Special Report: The US - The post-Friends era

As the final episode aired, a nation mourned. Can anything ever replace Friends, Glen Mutel asks.

Unless you've been on a very long holiday or are totally detached from popular culture, you'll know that the long-running US sitcom Friends ended this year. For much of the spring, it was extremely hard to avoid the fact.

Channel 4 milked Friends' passing for all it was worth, with repeats, ad campaigns and documentaries. On the day the final episode aired, the channel screened no fewer than 13 old episodes.

The final episode was the tenth-highest-rating programme in Channel 4's history, pulling in 8.6 million viewers. And these weren't just any viewers.

They were largely 16- to 34-year-olds. They were mostly ABC1s. And many of them were "light viewers".

"These are people who don't watch much TV," Vizeum's head of investment, Matthew Platts, explains. "These viewers are hugely valuable. They're hard to reach, but if you do get them, you're maximising the reach of your communication."

All of which shows just how valuable a decent US series can be to both advertisers and broadcasters. The end of Friends coincided with the end of two other long-running imports - Sex and the City and Frasier. These departures have left a yawning gap, and the race is now on to find the next generation of big US shows to take their place.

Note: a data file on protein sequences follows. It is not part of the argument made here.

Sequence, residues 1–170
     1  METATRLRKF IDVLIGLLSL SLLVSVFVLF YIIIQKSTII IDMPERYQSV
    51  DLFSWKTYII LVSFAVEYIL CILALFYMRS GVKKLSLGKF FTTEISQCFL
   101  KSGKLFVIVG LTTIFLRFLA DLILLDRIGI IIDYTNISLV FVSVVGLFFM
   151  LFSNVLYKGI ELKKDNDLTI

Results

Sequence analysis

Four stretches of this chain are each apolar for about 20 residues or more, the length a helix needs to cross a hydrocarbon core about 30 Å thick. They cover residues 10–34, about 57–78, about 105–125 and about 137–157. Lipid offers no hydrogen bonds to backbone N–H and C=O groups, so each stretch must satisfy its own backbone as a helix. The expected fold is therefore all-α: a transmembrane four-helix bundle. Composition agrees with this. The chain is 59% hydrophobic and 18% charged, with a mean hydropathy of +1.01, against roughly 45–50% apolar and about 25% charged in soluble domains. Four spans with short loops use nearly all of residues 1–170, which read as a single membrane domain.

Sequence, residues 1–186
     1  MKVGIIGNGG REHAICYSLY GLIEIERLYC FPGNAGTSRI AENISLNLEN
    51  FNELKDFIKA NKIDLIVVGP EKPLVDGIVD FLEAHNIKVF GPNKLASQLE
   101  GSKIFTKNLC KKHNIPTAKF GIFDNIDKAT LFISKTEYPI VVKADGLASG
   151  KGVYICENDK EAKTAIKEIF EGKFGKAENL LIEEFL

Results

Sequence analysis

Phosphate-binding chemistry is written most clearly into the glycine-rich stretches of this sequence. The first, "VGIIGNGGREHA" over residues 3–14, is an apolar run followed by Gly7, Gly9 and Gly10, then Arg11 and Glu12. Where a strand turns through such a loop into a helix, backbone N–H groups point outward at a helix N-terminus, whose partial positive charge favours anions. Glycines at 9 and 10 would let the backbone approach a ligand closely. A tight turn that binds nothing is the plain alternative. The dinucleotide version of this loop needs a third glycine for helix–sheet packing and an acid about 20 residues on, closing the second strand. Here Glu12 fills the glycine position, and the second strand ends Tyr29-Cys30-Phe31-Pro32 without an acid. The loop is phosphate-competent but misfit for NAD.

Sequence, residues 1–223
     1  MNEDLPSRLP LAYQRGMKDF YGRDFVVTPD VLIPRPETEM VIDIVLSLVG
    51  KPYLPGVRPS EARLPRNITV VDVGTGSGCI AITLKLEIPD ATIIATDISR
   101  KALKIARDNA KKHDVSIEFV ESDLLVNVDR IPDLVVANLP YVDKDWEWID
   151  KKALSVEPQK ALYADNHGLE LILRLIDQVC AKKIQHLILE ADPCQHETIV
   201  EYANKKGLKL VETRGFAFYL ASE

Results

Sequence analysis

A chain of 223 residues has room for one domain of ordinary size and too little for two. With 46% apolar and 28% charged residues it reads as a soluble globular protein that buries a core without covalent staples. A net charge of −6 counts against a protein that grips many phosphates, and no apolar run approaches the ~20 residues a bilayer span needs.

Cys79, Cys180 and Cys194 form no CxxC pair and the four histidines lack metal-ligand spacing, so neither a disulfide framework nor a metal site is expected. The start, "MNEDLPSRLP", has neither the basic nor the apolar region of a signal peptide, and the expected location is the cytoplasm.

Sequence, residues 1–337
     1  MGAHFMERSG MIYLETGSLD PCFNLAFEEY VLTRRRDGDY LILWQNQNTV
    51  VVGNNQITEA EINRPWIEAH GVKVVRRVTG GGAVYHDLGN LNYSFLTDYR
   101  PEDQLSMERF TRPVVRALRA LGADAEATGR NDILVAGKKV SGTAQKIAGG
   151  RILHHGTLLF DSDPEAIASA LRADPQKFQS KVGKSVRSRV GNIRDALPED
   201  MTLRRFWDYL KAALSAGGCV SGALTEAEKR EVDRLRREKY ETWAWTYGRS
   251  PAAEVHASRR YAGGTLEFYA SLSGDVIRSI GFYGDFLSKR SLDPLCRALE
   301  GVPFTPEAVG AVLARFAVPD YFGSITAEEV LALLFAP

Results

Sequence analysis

However, this won't be easy. The genres that normally export well out of the US are comedy and drama.

Unfortunately, the US is currently suffering from the same obsession with reality TV that first enveloped Europe half a decade ago.

Home-grown reality hits such as The Apprentice - in which the tycoon Donald Trump trains several members of the public and rewards the most capable one with a job and a huge salary - air alongside US versions of European formats such as Wife Swap and Big Brother.

"There are so many reality shows in the US that it has slightly choked the slots for both comedy and drama," five's managing editor and director of acquisitions, Jeff Ford, explains.

"Five years ago, you'd only had reality shows such as Survivor or Big Brother. Now, you've got everything from Extreme Makeover to Trading Spouses. It makes it much harder for other genres to come through and shine."

And it seems that comedy has been hardest hit by the reality craze. Robin Kent, the chairman and chief executive at Universal McCann Worldwide, explains: "The pure economics of it is that producing comedy is incredibly expensive, especially a show such as Friends where the actors are being paid almost one million dollars per episode."

One US comedy that did create some pre-transmission excitement was the Friends spin-off, Joey, which five bought for a reported £500,000 per episode. The show has performed reasonably in the US - its first three episodes have notched up enough viewers to persuade NBC to keep faith, which, in the trigger-happy climate of US television, is a success in itself. But Joey has failed to keep the pace set by its predecessor and is regularly beaten by Survivor.

Having declined to compete with five for Joey, Channel 4 has this year concentrated on acquiring drama. Channel 4's controller of programme acquisition, June Dromgoole, explains: "With American high-end drama, you're talking millions of dollars per hour, so clearly there's a rationale and a reason for buying some of that. They've got a much larger market and can spend a large amount of money. For example, Angels in America had a £60 million-plus budget."